By Christian Betz & Karsten Sloth, Jyske Capital
In this paper, we focus on Carry as the key investment strategy in the FX market and moreover the strategy that has been analysed most by academics. First we review a number of the explanations that lie at the bottom of the source of return-risk-based explanations, investor behaviour and macro-economic explanations. Then we look at return characteristics through simple approaches to the implementation of Carry, followed by a section focusing on risk and portfolio properties.
Financial investors and market players disagree whether the foreign exchange (FX) market can be considered an independent asset class in line with equities and bonds, or whether FX should instead be considered an unpleasant or welcome consequence of investments in assets in foreign currencies - i.e. a risk factor associated with investment in foreign assets. FX lacks some of the basic characteristics typical for traditional asset classes.
- No principal is established with ownership of an expected cash flow.
- Basically, it is a zero-sum game for the isolated FX transactions.
- There is no expected return in connection with persistent unilateral exposure in foreign currency.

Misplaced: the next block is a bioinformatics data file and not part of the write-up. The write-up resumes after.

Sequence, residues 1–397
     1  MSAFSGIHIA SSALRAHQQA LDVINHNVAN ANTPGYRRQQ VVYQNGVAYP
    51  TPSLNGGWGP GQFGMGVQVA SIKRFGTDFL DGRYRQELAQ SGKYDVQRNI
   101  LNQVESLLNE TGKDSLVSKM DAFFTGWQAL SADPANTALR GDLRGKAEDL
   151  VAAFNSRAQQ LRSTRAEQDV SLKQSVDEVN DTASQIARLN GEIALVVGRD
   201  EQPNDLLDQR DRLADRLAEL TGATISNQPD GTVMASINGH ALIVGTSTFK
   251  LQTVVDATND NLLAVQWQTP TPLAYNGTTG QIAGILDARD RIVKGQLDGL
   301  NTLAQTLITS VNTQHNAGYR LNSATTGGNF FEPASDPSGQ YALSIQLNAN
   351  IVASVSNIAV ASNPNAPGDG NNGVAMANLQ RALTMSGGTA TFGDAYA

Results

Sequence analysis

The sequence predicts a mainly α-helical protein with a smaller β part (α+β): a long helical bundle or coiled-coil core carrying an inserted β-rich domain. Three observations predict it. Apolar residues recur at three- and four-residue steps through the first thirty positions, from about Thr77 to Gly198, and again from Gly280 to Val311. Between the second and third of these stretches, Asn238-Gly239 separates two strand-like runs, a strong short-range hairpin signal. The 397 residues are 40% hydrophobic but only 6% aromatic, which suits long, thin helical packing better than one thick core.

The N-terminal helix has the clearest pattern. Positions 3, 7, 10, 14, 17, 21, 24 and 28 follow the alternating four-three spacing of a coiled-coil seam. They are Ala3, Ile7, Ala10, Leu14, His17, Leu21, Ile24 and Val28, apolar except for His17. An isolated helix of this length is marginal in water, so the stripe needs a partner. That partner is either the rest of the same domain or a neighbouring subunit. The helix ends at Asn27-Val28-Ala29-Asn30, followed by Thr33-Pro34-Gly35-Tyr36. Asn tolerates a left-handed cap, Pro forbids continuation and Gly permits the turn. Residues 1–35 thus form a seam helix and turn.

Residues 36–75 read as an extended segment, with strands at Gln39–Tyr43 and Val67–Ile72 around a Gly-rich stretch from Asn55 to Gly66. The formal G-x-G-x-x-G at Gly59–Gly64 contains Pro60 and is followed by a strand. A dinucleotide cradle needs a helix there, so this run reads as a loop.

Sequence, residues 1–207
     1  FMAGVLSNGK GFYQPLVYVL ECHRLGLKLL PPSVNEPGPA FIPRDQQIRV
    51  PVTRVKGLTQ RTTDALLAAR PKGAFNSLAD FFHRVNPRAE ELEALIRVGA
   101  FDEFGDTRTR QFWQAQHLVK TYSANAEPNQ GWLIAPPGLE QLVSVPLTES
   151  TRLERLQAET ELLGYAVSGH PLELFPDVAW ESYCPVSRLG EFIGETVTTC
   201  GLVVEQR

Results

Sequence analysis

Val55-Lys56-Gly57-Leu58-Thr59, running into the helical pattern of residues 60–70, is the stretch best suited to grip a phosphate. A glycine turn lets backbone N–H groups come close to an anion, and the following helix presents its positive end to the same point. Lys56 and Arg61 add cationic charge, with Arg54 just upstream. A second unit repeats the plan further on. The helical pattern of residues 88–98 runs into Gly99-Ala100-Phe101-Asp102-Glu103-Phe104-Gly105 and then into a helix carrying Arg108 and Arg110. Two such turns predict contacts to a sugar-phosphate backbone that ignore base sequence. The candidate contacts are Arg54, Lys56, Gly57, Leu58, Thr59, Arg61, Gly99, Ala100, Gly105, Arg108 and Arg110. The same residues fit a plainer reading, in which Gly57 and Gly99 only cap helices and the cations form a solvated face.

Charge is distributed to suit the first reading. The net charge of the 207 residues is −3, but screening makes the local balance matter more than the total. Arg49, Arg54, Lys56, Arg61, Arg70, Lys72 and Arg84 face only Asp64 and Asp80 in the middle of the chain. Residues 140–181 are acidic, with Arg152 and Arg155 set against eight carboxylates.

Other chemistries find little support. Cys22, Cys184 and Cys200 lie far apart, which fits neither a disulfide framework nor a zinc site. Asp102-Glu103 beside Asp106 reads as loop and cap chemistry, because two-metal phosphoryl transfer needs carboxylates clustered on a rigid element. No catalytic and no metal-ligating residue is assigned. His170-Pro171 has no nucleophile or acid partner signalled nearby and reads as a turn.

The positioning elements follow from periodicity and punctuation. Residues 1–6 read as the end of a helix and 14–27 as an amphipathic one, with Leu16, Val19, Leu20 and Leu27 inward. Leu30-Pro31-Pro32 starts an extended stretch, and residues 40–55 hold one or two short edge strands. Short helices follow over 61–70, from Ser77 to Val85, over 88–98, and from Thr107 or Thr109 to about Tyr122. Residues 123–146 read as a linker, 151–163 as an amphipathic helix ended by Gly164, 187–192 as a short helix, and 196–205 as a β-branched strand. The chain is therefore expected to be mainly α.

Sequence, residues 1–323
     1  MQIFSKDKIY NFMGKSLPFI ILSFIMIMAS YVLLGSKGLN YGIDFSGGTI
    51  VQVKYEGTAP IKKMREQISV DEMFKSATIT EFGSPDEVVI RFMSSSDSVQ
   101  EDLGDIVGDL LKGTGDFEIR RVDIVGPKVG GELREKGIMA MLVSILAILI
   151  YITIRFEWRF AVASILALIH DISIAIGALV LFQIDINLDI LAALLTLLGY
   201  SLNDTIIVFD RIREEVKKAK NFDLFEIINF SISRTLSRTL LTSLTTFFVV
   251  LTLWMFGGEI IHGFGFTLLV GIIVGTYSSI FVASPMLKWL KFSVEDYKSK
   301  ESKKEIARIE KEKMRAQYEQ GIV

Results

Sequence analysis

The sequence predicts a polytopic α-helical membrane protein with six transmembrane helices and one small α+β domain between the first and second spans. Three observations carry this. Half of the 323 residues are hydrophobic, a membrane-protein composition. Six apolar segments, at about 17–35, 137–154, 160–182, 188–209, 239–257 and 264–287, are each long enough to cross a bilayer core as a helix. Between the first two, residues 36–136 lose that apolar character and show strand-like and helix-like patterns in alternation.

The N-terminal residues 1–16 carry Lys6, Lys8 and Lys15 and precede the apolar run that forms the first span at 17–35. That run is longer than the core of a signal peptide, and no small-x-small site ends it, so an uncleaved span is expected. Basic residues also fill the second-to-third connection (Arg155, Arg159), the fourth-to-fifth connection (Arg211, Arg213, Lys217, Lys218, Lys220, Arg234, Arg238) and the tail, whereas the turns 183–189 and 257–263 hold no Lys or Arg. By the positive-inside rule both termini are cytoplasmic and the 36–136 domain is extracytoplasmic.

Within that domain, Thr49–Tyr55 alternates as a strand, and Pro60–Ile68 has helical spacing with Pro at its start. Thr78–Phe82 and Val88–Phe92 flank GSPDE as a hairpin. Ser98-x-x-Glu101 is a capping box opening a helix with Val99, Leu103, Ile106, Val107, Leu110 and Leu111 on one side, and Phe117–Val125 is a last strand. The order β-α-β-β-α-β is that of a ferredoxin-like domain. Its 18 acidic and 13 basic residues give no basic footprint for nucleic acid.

Also a series of analyses, including Meese and Rogoff (1983), conclude that FX movements can be described by a Random Walk rather than by financial models, which also makes it challenging to classify FX as an independent asset class. However, merely because FX does not meet the above descriptive characteristics, it does not rule out that investors may expect to be compensated for systematically assuming risks in the FX market. There are well-documented and well-founded investment strategies for FX based on distinct sources of return that are unique for the FX market. Carry is the most important one, but, for instance, there are also Value and Momentum. On the basis of these systematic investment strategies, investors may hold justified expectations of a positive return over time. That is a key element in the characteristics of an asset class and to us the core element in the perception of FX as an independent asset class. Whether the reward from these strategies are based on risk premiums or anomalies (excess return without assuming further risk) is still being debated by academics and practitioners - even though consensus tends towards the risk-based explanation. We use the term 'source of return', which covers investment strategies based on both a risk premium and an anomaly.